Aircraft require hundreds of moving parts to function safely and efficiently during flight. While engines and flight control surfaces receive much of the attention, another vital component that helps move many of these parts are aircraft actuators. These actuators are the unsung heroes that allow planes to take off, land, and maneuver through the air.
What are Aircraft Actuators?
Aircraft actuators are electromechanical or hydraulic devices that help manipulate flight control surfaces and other systems on a plane. Their main function is to convert electrical, hydraulic or pneumatic energy into precise mechanical motion when activated. Actuators help move surfaces like ailerons, elevators, rudders, slats, and flaps which are used to control the plane’s attitude, lift, drag and direction during various phases of flight. Other applications include deploying and retracting landing gears, opening and closing doors, and positioning thrust reversers. Aircraft designers rely on actuators to power flight critical functions with redundancy and reliability.
Types of Aircraft Actuators
There are a few main categories of actuators used across commercial and military aircraft:
Hydraulic Actuators: Hydraulic actuators are the most commonly used type for primary and secondary flight controls due to their power and response time. They work by using hydraulically pressurized fluid to move a piston which connects to control surfaces via push-pull rods or rotary actuators. Military jets and large transports typically rely solely on hydraulic systems for critical flight functions.
Electronic Actuators: With advances in electric motors and controls, more aircraft are utilizing electric “fly-by-wire” systems with electronic Actuators. These provide precise movements and remove hydraulic fluids that can leak or catch fire. However, they require backup hydraulic or mechanical systems for redundancy. Regional jets and new aircraft often feature hybrid electro-hydraulic designs.
Pneumatic Actuators: Some small, non-critical functions like landing gear or door operations use pneumatic actuators powered by pressurized bleed air. They are simpler and lighter than hydraulic options but provide less power for primary flight controls.
Mechanical Actuators: A few mechanical linkages without powered actuators still exist, especially for backup systems. Though low maintenance, they have weaker force and response times compared to active actuators.
How Aircraft Actuators Work
All types of actuators function on the basic principle of exchanging potential or stored energy into precise, controlled motion. Hydraulic actuators use high-pressure oil directed through tubing by electric pumps. It moves pistons attached to control surfaces via push-pull linkages. Electronic actuators instead precisely regulate electric motors which directly or indirectly move the controls. Pneumatic ones use compressed air to push or pull attached components.
– Pilot input commands are sent to the flight control computer.
– The computer activates the appropriate actuators selectively based on control laws and surface positions.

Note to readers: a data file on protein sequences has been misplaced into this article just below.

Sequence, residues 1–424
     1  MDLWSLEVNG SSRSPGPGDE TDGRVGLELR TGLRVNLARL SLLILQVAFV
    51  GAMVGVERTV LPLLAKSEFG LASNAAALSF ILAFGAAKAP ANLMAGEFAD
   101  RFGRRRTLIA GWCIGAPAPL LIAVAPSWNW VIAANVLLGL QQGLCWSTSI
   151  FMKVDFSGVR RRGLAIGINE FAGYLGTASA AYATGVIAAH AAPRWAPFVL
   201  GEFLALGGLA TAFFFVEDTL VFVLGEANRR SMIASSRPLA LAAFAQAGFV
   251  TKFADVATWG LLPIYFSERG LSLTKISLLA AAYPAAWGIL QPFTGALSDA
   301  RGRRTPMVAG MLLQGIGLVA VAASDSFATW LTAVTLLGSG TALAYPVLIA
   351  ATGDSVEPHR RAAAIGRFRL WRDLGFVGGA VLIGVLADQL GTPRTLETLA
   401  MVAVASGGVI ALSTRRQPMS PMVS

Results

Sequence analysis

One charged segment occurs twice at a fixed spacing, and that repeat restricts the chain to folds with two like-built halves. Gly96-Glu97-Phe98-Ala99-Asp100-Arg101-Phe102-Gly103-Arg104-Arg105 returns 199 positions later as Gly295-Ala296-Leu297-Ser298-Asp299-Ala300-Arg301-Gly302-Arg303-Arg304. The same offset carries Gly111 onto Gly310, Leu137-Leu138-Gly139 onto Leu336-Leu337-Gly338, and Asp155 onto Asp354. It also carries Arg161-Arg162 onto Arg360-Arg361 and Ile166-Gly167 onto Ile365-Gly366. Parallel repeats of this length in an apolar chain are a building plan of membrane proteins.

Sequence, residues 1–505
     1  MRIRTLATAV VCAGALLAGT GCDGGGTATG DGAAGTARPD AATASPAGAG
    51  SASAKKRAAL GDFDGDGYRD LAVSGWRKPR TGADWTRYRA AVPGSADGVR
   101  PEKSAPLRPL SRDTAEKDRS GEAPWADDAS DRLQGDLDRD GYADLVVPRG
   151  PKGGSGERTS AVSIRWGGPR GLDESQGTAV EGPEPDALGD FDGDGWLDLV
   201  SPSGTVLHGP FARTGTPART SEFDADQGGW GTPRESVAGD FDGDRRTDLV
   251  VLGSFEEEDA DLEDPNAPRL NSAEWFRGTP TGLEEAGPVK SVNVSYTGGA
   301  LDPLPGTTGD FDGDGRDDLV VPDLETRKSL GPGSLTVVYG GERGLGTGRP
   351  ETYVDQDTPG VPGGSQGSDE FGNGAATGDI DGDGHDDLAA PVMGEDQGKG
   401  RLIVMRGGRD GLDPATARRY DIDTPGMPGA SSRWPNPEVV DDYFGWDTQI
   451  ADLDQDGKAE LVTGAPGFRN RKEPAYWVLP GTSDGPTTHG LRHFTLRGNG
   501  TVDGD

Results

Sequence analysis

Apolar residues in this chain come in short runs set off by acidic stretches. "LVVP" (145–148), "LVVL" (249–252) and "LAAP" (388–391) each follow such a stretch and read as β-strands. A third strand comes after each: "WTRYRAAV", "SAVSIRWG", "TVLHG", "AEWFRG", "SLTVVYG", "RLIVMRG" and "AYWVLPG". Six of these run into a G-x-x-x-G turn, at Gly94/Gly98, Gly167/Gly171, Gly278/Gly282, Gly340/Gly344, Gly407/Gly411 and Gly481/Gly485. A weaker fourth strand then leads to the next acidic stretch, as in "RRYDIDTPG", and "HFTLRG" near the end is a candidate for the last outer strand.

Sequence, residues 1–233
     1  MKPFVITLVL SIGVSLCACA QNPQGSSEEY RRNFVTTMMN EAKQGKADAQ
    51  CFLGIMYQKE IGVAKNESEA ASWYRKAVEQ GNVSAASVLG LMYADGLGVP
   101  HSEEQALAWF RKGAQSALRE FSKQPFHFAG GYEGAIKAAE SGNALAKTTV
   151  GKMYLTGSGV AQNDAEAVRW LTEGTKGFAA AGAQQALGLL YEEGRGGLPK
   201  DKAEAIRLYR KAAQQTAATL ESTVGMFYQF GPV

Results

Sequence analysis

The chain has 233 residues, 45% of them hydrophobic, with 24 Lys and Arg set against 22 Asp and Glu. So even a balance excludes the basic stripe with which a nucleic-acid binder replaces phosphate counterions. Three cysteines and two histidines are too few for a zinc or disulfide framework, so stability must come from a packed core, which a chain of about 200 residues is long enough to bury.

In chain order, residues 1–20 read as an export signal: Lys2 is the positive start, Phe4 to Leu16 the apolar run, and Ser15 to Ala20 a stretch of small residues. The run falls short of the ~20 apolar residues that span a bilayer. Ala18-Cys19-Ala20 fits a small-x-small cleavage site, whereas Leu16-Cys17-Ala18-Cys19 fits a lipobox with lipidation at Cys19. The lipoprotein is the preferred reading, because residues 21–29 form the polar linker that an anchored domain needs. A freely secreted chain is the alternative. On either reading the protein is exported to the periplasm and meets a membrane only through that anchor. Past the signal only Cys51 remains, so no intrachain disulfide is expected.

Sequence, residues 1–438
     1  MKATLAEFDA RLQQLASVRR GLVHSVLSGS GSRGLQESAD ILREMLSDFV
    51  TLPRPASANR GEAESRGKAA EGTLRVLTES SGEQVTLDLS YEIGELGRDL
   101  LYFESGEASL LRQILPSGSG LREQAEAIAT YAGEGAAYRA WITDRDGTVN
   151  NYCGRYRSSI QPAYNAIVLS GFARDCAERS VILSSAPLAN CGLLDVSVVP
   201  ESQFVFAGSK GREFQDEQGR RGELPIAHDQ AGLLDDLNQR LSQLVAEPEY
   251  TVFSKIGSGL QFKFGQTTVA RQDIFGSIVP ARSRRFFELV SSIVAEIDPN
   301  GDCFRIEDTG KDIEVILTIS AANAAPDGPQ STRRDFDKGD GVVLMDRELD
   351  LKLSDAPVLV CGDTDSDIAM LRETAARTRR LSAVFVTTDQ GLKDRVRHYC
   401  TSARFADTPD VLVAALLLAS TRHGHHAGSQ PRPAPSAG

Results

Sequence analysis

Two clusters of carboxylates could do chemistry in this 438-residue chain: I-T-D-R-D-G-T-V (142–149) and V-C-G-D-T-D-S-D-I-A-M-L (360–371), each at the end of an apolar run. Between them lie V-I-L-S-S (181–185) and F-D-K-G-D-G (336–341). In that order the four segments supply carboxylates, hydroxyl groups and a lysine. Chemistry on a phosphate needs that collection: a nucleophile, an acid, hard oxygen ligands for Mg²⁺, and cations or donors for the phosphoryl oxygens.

– Pressurized hydraulic fluid or electric current moves the actuator’s linear or rotary motors.
– Attached linkage rods or cables transfer the power from the actuator to flex or rotate the aileron, elevator, etc.
– Position and load sensors provide feedback to the computer, ensuring accurate control surface responses.
– Auto pilots and fly-by-wire systems now directly control actuators without manual input, enhancing safety.
Importance of Actuators in Aviation
Aircraft actuators are literally the muscle behind flight. With tens to hundreds required per plane, they move almost every external surface and internal mechanism critical to safe operations. Their constant precision and reliability often go unnoticed until a failure occurs. Some key reasons actuators are so important:
Redundancy – Modern aircraft have multiple actuators per control surface with different power sources. This prevents single points of failure from causing loss of control.
Response – Actuators provide the power and speed needed for pilots or auto flight systems to instantaneously correct for upsets and fly precisely in all regimes.
Durability – Despite extreme temperatures, pressures, vibrations and millions of cycles, actuator designs ensure long operational lifespans in harsh environments.
Control Authority – Actuators multiply human strength to generate the high forces required to flex large surfaces at any airspeeds or maneuvres. Without them, controls would be ineffective.
Safety Systems – Actuators enable features like thrust reversers, spoilers, ground spoilers and airbrakes that aid in landings and emergencies through computer automation.
Overall, the reliable actuated motion behind every nautical mile of commercial and military flight proves these components are indispensable technicians in aviation’s behind-the-scenes operations. While pilots control where aircraft go, actuators control how they get there through the collective works of many unsung actuated heroes. Continued technological innovations will keep improving aircraft actuator designs for even greater safety, efficiency and performance in aviation’s future.
1. Source: Coherent Market Insights, Public sources, Desk research
2. We have leveraged AI tools to mine information and compile it